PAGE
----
John Goodman gorges on film roles
05:00 AM, Jun 26, 2013
LOS ANGELES John Goodman has grown used to the feast-or-famine nature of acting.
So he’s trying not to take his full plate for granted.
Just three years ago he couldn’t get a call back from studios, Goodman says. Despite hits like the animated Monsters, Inc., the Coen brothers’ The Big Lebowski and the TV comedy series Roseanne, the actor says he had fallen out of favor with Hollywood’s casting gods.
“There’s no real rhyme or reason to it,” says Goodman, 61. “Things will be going great, then, all of a sudden, the phone stops ringing.”
Aside from supporting roles in the 2010 TV movie You Don’t Know Jack and the forgettable film Drunkboat, Goodman’s career had stalled. Then he picked up a script for a low-budget silent film, The Artist, and landed the role of studio exec Al Zimmer.
The Artist would go on to win the best picture Oscar. And Goodman’s phone hasn’t stopped ringing.
Nor is it likely to stop ringing anytime soon, since Goodman is coming off the best debut of his career in Monsters University, the Pixar prequel that opened to $82.4 million this weekend.
The animated comedy marks the third film this summer for Goodman, who also appears in The Hangover Part III and The Internship.
“Other than Dwayne Johnson, I’m not sure there’s an actor who is in more movies this year,” says Paul Dergarabedian, box office president of Hollywood.com. “He’s become Hollywood’s good luck charm.”
Dergarabedian says Goodman’s resurgence comes thanks to an affable personality that is striking a chord with moviegoers.
“People react to him like they’re seeing an old friend on screen,” he says. “What’s interesting is that he really doesn’t have one type of role, as some actors do. He does the family animated movie. He does the R-rated comedy. He can fit in just about every kind of movie, and they’re doing well, either in terms of awards or box-office gross.”
Indeed, Goodman comes off another best-picture Academy Award winner, Argo, and will star in his latest Coen brothers collaboration, Inside Llewyn Davis, due Dec. 6. On Dec. 18, he stars in George Clooney’s World War II story The Monuments Men.
“I know what it’s like to not get a job, so I’m grateful they still let me work,” says Goodman, who has a daughter with wife Annabeth Hartzog and lives in New Orleans. “You take the jobs you can, because you can’t take anything for granted.”
Even the fortunes of a Pixar film. Goodman says that while he has been waiting for a sequel to 2001’s Monsters, Inc. for more than a decade, “I know that the studio takes its time with a story, especially one they never intended to have a sequel.”
But fans and stars kept pushing for another installment of the adventures of James “Sulley” Sullivan (voiced by Goodman) and Mike Wazowski (Billy Crystal).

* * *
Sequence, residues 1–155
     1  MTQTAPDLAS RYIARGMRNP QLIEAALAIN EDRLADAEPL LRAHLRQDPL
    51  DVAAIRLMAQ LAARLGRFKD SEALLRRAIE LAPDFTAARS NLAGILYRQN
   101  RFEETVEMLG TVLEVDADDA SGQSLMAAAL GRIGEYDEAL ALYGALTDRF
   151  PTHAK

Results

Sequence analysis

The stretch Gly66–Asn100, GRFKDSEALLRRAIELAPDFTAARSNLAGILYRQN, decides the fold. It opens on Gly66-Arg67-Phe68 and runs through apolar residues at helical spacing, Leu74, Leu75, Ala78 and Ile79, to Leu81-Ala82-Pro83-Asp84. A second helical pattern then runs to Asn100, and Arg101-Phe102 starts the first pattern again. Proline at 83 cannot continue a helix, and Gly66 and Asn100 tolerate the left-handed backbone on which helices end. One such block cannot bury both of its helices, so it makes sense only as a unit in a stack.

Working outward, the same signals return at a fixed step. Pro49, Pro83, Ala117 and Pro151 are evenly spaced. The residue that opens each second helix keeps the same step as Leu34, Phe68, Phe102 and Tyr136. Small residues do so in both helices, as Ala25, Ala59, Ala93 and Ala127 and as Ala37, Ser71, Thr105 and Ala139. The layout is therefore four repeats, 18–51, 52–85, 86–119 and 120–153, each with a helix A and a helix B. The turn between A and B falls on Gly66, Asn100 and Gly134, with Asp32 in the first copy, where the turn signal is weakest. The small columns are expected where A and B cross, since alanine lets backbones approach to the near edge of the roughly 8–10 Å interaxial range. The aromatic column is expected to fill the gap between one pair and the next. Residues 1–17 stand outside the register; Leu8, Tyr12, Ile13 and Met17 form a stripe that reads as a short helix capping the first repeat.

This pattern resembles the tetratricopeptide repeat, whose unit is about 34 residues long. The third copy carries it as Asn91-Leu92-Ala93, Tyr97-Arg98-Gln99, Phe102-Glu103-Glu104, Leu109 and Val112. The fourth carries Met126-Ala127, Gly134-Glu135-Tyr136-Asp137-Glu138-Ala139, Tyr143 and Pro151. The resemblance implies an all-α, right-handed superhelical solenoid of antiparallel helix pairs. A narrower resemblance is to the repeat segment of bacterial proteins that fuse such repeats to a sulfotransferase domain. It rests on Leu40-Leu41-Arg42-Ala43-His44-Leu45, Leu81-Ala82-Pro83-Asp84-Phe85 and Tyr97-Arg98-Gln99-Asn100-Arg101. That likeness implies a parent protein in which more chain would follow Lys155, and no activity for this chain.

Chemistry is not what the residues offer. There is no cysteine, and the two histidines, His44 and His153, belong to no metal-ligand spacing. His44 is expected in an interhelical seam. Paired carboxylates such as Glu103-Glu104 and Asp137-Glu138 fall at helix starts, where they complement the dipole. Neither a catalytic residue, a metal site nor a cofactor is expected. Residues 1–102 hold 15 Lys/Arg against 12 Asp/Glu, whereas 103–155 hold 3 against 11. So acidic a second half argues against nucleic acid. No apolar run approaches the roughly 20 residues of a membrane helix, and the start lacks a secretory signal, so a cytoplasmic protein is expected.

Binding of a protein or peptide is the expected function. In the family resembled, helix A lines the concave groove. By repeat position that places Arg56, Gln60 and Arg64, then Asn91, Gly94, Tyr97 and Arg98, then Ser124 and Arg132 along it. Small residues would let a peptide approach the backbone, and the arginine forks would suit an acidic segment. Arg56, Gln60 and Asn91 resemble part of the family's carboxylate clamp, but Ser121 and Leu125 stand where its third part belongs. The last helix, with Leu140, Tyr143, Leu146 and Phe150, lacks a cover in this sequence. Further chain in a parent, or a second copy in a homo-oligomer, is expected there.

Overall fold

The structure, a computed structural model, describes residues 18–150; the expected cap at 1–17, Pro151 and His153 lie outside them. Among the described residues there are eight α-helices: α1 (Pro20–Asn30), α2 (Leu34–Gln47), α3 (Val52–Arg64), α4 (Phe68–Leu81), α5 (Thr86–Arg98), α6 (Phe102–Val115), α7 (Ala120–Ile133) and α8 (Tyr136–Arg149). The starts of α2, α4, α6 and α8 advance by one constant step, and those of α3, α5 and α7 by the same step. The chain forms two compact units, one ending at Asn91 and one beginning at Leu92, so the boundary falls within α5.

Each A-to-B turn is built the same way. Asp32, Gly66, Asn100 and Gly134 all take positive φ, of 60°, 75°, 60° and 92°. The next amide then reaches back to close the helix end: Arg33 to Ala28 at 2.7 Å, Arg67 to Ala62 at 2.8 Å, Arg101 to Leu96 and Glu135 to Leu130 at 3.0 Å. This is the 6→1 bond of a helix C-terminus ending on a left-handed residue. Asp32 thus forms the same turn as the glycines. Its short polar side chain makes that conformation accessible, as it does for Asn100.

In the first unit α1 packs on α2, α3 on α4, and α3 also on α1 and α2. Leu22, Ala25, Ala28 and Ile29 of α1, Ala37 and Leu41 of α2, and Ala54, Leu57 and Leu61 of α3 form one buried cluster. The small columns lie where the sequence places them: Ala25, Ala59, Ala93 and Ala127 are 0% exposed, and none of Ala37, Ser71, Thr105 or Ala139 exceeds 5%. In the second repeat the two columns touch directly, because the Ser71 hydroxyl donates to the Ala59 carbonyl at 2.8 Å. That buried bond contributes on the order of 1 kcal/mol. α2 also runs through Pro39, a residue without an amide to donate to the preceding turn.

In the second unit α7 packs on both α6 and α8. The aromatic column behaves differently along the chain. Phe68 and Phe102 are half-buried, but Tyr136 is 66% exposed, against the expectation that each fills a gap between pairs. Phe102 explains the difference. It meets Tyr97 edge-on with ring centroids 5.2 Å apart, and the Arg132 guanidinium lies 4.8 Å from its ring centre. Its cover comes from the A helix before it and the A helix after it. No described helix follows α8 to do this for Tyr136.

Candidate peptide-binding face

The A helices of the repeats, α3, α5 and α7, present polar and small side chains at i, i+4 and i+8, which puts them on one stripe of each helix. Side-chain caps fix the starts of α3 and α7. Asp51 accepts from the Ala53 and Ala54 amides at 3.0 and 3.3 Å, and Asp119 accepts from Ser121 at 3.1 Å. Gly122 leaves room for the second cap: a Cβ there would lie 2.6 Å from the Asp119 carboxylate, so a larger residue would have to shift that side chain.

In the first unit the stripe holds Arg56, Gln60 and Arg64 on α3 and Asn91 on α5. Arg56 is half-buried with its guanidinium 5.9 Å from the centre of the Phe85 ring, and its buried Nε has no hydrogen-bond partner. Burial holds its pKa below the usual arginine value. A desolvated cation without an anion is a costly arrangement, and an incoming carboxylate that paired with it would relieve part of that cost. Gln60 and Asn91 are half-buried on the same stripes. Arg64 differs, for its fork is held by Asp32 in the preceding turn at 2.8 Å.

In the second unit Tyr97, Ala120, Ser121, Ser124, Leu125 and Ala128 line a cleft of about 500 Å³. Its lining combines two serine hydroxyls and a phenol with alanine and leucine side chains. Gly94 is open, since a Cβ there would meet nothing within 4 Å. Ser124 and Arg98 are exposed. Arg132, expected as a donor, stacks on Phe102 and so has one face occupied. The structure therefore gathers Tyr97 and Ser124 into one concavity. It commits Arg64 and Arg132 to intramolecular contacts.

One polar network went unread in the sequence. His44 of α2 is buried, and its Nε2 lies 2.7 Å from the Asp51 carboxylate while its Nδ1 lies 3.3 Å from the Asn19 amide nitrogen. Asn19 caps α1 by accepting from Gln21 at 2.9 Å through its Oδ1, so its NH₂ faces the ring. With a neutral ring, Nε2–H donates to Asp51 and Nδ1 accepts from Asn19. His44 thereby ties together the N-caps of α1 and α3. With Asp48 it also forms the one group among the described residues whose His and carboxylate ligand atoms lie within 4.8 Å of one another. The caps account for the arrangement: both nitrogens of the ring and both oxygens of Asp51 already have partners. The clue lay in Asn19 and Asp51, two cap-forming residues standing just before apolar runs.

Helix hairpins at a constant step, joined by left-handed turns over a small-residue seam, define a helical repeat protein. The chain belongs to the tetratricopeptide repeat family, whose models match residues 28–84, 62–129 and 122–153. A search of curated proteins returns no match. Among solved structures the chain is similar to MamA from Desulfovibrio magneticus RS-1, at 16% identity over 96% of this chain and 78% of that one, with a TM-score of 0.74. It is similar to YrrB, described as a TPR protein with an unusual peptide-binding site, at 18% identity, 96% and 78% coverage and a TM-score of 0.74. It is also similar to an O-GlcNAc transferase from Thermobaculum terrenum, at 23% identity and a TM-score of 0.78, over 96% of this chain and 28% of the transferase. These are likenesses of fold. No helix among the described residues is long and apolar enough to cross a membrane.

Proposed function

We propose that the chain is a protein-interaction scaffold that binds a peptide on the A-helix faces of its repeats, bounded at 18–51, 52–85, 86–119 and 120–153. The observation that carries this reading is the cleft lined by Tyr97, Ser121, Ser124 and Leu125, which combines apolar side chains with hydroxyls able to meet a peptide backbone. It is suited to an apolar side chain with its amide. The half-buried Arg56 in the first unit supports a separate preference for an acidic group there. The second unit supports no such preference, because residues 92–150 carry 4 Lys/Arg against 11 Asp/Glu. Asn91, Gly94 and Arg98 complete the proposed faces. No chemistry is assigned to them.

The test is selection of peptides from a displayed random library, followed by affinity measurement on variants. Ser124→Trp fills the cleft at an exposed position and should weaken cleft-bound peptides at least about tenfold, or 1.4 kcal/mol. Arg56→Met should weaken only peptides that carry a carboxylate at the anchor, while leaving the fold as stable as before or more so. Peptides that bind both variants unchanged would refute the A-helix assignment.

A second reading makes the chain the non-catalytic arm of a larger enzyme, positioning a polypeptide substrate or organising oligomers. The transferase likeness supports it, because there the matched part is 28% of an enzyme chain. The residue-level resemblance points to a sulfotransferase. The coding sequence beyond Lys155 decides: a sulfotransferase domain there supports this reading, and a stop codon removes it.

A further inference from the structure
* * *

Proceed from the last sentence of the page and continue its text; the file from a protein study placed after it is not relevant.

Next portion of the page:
Crystal says that Goodman is such a physical actor, “you need to be in the room with the guy to play off him,” and insisted the two tape their scenes together, a rarity in modern animation.
“The first time I heard his voice, I knew I couldn’t pretend I was interacting with him,” Crystal says. “For one, his voice is so big and animated, you’ll disappear (in the scene). But also, he’s so friendly, and gets so into his roles, you want to work with him to feed off that energy.”
Goodman says there’s no secret to his success, aside from a willingness to take “any film that punches you in the gut with a good script.”
Including Monsters. Goodman says he’d “do another Monsters movie in a heartbeat if they call. I work on their clock.”
The St. Louis native says his commitment to his craft developed in 1976 when, as a struggling actor and waiter, he received tickets to a Broadway show he declines to name.
“The lead sucked,” Goodman says with a laugh. “I remember kind of relaxing and thinking, ‘I can do this.’ Then the movies started coming, and everything changed.”
Like his taste in films.
“You never have to worry about a Pixar script,” he says. “But at this point in my career, I’m finding I’d rather have a great director than a great script, because a great director can fix little screw-ups.”
He’s also changed the roles he takes.
“I’m playing characters that I personally like,” he says. “Maybe if things change again I’ll have to play characters I’m not crazy about. But right now, I can’t believe the good fortune I’m having.”
So much so that he’s going to enjoy a rarity: a six-week break between projects. How does the 6-foot-2 mountain of a man plan to relax?
“I’m going to have to get the elliptical machine out,” he says. “The one downside of all those movies is all those catering trucks.”